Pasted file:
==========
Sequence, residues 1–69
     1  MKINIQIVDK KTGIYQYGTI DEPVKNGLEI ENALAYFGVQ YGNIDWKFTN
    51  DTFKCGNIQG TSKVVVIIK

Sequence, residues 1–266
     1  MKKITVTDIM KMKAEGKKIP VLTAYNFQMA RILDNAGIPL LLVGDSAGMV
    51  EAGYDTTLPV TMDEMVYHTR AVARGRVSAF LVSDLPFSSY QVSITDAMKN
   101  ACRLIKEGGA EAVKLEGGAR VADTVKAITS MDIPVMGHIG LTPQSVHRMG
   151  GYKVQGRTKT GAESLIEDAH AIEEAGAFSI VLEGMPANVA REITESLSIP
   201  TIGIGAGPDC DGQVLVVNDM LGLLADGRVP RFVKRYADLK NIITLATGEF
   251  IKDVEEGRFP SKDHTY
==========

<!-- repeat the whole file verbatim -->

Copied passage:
Sequence, residues 1–69
     1  MKINIQIVDK KTGIYQYGTI DEPVKNGLEI ENALAYFGVQ YGNIDWKFTN
    51  DTFKCGNIQG TSKVVVIIK

Sequence, residues 1–266
     1  MKKITVTDIM KMKAEGKKIP VLTAYNFQMA RILDNAGIPL LLVGDSAGMV
    51  EAGYDTTLPV TMDEMVYHTR AVARGRVSAF LVSDLPFSSY QVSITDAMKN
   101  ACRLIKEGGA EAVKLEGGAR VADTVKAITS MDIPVMGHIG LTPQSVHRMG
   151  GYKVQGRTKT GAESLIEDAH AIEEAGAFSI VLEGMPANVA REITESLSIP
   201  TIGIGAGPDC DGQVLVVNDM LGLLADGRVP RFVKRYADLK NIITLATGEF
   251  IKDVEEGRFP SKDHTY